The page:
Trial judges are now required to order jurors not to use phones or other electronic devices while in trial or in deliberations. Would it be right to tweet about the latest happenings if you were on the jury, the judge, or even worse the defending attorney? At what great lengths does society need to put the breaks on social media applications? Being bored in such a scenario isn’t enough of a reason to be negligent, which could lead to a mistrial.
Googling for background info on a case is the legal equivalent of clearly crossing the line. Jurors need to utilize the facts presented in a trial, not base their opinions upon outside influences. When a judge interviewed the other jurors, he discovered that in total, nine of the 12 had been Googling after hours. Some were even found to post updates on their Facebook pages. This habit of gathering more information has clearly crossed the line.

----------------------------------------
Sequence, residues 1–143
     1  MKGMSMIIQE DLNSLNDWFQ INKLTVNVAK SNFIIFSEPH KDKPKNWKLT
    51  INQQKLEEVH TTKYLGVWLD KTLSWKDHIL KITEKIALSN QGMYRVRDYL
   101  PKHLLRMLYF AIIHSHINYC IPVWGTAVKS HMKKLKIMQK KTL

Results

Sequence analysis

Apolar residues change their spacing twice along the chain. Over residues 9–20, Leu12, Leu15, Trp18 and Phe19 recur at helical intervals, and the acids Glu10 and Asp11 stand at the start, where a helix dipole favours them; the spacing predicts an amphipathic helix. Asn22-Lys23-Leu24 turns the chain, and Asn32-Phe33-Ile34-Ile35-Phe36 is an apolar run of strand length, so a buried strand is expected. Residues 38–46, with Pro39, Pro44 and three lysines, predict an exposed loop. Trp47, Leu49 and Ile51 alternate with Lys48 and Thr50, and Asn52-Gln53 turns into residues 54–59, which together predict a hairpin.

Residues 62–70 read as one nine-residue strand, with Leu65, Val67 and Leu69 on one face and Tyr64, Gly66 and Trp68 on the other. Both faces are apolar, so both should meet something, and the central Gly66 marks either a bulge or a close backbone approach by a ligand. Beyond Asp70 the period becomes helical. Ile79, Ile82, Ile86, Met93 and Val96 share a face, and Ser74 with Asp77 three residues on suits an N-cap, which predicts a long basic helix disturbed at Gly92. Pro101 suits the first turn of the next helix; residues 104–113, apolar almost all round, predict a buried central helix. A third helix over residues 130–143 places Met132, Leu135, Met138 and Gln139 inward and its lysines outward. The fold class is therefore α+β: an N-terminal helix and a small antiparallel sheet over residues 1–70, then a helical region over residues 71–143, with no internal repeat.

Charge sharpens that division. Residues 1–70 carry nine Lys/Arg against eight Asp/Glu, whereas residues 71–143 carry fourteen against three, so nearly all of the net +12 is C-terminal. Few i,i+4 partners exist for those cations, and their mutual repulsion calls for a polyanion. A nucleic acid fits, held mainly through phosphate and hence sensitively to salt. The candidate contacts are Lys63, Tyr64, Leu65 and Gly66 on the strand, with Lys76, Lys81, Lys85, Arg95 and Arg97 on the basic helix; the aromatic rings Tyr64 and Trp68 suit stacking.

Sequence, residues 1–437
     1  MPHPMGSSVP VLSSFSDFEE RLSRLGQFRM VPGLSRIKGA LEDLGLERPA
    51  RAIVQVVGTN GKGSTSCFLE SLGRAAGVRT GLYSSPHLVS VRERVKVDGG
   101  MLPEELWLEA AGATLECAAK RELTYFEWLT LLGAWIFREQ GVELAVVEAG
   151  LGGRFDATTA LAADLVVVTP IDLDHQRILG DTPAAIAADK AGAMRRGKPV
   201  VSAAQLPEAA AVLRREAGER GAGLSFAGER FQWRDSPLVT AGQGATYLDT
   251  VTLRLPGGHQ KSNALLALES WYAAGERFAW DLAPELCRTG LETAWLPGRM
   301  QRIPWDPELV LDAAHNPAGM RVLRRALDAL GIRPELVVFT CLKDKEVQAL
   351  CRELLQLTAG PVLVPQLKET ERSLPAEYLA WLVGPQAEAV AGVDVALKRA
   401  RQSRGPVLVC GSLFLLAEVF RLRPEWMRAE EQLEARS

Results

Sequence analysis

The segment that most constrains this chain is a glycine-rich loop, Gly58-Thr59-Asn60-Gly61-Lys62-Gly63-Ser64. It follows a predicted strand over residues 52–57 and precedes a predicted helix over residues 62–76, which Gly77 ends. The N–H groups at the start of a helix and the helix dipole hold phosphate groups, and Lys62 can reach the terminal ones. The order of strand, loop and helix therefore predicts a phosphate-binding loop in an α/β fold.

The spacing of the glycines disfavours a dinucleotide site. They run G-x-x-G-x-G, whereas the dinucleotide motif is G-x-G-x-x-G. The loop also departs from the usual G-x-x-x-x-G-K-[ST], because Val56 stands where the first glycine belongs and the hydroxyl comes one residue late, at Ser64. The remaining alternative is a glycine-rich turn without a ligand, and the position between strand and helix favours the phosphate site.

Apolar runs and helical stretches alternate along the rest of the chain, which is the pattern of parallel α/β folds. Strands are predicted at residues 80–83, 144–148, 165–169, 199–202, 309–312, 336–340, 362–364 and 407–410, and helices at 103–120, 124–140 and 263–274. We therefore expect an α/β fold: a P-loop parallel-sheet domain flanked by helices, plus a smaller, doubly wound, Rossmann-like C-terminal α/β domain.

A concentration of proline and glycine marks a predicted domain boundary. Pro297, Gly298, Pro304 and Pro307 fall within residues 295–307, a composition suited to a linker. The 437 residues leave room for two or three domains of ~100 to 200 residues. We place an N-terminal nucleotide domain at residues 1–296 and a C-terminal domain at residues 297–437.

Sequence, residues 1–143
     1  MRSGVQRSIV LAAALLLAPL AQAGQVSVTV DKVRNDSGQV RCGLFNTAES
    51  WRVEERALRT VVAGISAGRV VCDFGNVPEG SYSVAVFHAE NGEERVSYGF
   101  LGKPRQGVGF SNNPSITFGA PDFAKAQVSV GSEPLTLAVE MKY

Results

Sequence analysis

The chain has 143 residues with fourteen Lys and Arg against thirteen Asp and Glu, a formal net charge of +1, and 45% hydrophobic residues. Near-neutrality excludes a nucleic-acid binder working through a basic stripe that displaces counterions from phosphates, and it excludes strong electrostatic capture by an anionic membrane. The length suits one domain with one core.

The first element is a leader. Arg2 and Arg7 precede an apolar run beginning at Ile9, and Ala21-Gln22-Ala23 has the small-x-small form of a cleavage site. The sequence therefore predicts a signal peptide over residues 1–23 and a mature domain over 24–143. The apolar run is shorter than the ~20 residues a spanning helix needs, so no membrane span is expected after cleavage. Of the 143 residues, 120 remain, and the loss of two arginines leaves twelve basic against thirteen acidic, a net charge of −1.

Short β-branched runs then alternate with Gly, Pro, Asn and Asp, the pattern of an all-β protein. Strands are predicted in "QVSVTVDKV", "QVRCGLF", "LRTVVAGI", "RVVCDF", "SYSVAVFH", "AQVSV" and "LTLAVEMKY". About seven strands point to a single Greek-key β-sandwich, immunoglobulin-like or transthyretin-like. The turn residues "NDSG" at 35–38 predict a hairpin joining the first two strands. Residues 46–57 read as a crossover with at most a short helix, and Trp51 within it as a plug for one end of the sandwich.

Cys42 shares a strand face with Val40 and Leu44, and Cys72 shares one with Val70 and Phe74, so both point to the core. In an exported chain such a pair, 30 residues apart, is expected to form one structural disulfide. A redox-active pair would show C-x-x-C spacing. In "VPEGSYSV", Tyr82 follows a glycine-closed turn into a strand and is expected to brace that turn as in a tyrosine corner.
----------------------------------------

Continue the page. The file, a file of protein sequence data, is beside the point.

Reality TV, TMZ, TV court shows have given the public a free look inside courtrooms. The line has clearly blurred between irresponsible access and even understanding the implications of such behavior. The advantage one side would have over the other to directly communicate with the jury directly without big brother watching is too far. A little common sense about who could read it, the media, the judge, the other party in the case, other lawyers, other victims, are really the ones getting hurt from too much access and the inability to know when to put down the smartphone.